Patrick Sharp, a prolific shooter, has career-high 44 assists
BY MARK LAZERUS Staff Reporter April 10, 2014 9:29PM
Chicago Blackhawks' Patrick Sharp (10), left, celebrates with Bryan Bickell (29) and Nick Leddy (8) after scoring the game-winning goal Montreal Canadiens during overtime period of an NHL hockey game in Chicago, Wednesday, April 9, 2014. The Blackhawks won 3-2 in overtime. (AP Photo/Nam Y. Huh) ORG XMIT: CXA109
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By human standards, Patrick Sharp is quite young. By pro-athlete standards, he’s a veteran. By Blackhawks standards, he’s downright old.
But at 32 — among the Hawks’ 17 forwards, only he, Michal Handzus and Marian Hossa are older than 28 — Sharp is in the best shape of his life and might be playing the best hockey of his career. And with Jonathan Toews and Patrick Kane out of the lineup, he has stepped up and played a major role in turning a three-game losing streak into a four-game winning streak, carrying the Hawks into the playoffs with a surge of momentum.
Sharp has three goals and two assists in the last three games. His 34 goals are two off his career high set in 2007-08. His 44 assists beat his previous best by three. And his 78 points have shattered his previous best of 71 set in 2010-11 — so-called Stanley Cup hangovers seem to suit him well.
“I like the responsibility shown,” coach Joel Quenneville said. “His leadership as part of the core group, in absence of two of our top guys — I think Sharp has stepped up to the plate and responded.”
Sharp always has been a goal-scorer. This is his fourth 30-goal season since being traded from the Philadelphia Flyers to the Hawks during the 2005-06 season. His 311 shots on goal are second only to Alex Ovechkin (whom the Hawks will face Friday night in Washington) and are by far the most on the team (Hossa is second at 236). Heck, even his dog is named Shooter.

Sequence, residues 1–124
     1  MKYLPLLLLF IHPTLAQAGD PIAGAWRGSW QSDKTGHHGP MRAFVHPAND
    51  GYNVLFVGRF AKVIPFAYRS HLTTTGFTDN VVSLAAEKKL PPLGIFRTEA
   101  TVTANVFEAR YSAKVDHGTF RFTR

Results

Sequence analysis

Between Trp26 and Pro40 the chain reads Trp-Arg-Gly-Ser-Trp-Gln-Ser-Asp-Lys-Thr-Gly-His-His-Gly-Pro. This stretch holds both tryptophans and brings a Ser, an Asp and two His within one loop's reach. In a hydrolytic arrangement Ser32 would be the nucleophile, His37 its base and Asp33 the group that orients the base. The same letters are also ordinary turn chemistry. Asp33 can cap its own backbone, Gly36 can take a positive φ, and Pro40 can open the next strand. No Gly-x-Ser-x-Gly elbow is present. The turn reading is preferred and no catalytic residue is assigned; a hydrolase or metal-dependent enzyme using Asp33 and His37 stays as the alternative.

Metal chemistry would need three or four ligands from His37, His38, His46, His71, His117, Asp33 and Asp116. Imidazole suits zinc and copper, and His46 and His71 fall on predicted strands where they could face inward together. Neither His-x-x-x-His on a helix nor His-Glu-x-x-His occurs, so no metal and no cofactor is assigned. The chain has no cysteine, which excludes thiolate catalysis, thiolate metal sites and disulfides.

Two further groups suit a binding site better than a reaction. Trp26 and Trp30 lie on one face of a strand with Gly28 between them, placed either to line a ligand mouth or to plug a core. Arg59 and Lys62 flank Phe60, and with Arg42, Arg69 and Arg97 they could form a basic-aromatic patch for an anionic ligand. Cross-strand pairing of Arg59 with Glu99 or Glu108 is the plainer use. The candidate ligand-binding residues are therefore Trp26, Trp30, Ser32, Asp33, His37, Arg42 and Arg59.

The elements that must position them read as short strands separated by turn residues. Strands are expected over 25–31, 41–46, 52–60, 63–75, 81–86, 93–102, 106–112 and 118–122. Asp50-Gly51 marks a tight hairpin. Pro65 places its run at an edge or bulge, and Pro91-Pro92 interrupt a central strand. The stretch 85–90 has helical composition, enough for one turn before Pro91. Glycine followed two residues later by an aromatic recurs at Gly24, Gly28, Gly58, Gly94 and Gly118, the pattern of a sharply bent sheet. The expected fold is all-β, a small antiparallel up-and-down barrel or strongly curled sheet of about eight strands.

So it’s the passing numbers that really stand out. Yes, Sharp scored the game-winning goal in overtime Wednesday night against the Montreal Canadiens. But it was his deft centering feed to Hossa for the game-tying goal in the final minute that was the play of the night.
Certainly it helps that he has spent most of the season on the top line with Toews and Hossa, as well as on the point on the power play. But while he’ll always be a shooter, he’s thinking pass a lot more than he did earlier in his career.
“Yeah, I think that’s something that’s improved,” Sharp said. “Probably credit my linemates and the power play for a lot of those assists because guys are putting the puck in. And I guess I’m a little bit older, a little more patient with the puck and able to make those plays and not get so excited to shoot. I know I shoot the puck a lot, but that used to be my main focus — just get it on net any way. Now I feel like I try to make that extra play.”
Like Toews and Kane and so many other Hawks, Sharp has logged a lot of miles in the last 15 months. He has played all 80 games and played five more at the Olympics. Sharp said he feels good, though, and his production and two-way play suggest fatigue isn’t an issue.
That’s where all the off-ice work has paid off. During training camp, Sharp earned the title of “Fittest Hawk,” testing through the roof. Sharp didn’t try to hide the fact that he was proud of it — especially given the competition on the team, and especially at his advanced (by his teammates’ standards, at least) age.
“I think that helped out quite a bit, the training I did not only this summer, but all through my late 20s,” he said. “When you build that base and that foundation, you can always fall back on it. I feel good. Energy level’s high. Mentally, I’m motivated, I’m ready to play. I’m excited about the playoffs coming around. It’s a great time of year here in Chicago, and I just want to play as well as we can and have all those good feelings carry on into the playoffs.”